Bruce Betts • Jan 16, 2015
Sky survey grant helps lead to a space science career
This is part of a series of updates direct from our Shoemaker NEO Grant winners showing their recent progress in defending the Earth from asteroids, in part using grant money from The Planetary Society. The Shoemaker NEO Grant winners, mostly very talented amateurs with amazing telescopic facilities, do some combination of finding, tracking, and/or characterizing near-Earth objects (NEOs).
This update is from Quan-Zhi Ye, a 2007 Shoemaker NEO Grant winner from Guangzhou, China. Quan-Zhi was an 18 year-old college student at the time of the award and the principal investigator of the Lulin Sky Survey, which searched for asteroids and comets from 2006 to 2009. The grant supported the purchase of a laptop and software to run a 16-inch automated telescope at Lulin Observatory in Taiwan.
Quan-Zhi is now a Ph.D. candidate at the Department of Physics and Astronomy at the University of Western Ontario in London, Ontario. Here's what he had to say about his current work in meteor studies:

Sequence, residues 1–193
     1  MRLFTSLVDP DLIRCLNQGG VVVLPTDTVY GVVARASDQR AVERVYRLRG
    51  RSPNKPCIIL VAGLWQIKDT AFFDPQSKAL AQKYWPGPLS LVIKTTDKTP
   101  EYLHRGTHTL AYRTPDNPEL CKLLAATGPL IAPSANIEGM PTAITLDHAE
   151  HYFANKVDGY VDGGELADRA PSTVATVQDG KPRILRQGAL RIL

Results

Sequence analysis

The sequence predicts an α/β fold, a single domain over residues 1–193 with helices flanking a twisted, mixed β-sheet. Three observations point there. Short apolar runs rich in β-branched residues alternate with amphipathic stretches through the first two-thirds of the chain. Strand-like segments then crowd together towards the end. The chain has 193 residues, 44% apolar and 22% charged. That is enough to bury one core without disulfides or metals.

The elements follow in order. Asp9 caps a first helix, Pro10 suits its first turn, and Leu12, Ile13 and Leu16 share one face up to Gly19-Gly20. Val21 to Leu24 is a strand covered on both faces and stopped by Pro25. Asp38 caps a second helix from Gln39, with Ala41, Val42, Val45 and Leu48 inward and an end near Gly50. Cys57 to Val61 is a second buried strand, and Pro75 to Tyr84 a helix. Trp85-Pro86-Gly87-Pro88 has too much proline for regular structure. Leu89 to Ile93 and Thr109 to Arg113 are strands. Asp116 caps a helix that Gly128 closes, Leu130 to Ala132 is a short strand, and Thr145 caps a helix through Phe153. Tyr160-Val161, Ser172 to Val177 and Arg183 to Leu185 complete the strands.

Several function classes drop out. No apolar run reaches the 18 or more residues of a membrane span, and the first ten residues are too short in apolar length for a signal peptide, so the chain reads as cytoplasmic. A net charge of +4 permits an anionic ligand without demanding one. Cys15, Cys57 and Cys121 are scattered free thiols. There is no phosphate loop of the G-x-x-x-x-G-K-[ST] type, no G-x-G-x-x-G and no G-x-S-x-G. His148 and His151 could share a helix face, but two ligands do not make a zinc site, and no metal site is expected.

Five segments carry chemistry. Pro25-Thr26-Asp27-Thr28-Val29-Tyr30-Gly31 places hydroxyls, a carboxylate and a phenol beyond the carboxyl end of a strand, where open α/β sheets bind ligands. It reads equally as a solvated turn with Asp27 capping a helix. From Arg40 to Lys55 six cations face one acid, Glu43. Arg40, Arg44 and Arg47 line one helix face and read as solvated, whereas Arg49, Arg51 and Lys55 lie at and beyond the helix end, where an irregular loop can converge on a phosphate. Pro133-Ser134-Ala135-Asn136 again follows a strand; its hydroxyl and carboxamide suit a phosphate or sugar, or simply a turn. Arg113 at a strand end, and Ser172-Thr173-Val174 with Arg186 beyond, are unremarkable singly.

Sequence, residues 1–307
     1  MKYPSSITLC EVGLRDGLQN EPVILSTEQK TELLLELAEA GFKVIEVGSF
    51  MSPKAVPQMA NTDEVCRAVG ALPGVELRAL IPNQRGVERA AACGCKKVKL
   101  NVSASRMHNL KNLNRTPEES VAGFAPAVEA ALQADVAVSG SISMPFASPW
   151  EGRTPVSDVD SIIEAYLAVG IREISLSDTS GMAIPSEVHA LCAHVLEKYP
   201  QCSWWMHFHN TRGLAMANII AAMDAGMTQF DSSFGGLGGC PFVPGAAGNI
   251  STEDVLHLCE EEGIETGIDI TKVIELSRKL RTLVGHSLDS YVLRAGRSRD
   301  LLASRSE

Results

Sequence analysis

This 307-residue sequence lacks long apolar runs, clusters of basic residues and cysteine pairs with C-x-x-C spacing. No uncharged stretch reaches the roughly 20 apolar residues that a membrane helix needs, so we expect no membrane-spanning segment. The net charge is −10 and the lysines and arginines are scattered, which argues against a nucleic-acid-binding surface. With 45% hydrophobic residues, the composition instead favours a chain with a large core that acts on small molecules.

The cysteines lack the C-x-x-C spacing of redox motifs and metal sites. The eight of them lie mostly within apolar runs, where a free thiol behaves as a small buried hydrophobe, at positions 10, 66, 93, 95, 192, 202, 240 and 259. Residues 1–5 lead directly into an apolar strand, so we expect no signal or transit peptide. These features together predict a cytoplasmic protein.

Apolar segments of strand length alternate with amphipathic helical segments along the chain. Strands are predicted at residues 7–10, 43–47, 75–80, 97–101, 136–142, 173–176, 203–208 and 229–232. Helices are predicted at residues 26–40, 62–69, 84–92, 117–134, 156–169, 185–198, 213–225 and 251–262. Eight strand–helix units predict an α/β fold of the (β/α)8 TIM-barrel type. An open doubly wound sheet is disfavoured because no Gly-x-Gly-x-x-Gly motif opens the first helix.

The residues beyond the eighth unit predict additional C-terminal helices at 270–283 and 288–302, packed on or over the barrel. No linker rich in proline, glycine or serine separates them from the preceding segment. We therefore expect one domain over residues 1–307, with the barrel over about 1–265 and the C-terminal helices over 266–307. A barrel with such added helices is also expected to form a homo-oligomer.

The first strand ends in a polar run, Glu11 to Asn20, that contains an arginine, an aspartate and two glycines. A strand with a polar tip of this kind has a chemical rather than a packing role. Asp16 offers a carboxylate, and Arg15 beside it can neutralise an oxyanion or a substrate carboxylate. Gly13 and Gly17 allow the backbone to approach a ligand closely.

I would like to let you know that I am still around, seven years after receiving the grant. In fact, I just passed the qualification oral defense and got the Ph.D. candidacy yesterday. I am still in the NEO field -- not directly doing NEO observations, but am working on meteor studies, they are essentially impact events although caused by smallest asteroids/comets! During my spare time, I do still occasionally use the telescopes in China to do NEO follow-ups.
I am attaching a picture of myself taken at the Catalina Schmidt, during the DPS meeting in Tucson a few weeks ago; Eric Christensen (PI of Catalina Sky Survey) kindly organized a tour to the Catalina and Mt. Lemon Observatories -- after doing NEO work for almost a decade, I am physically at these "holy places" at last!
You may like to hear that the laptop I bought with the Grant is still in use today, I am still doing most of my research work -- from doing NEO observations to drafting papers -- on it. You may remember that earlier this year I wrote a guest blog for the Planetary Society about the ongoing outreach effort in China in support of space exploration, taking advantage of the landing of the Yutu rover.
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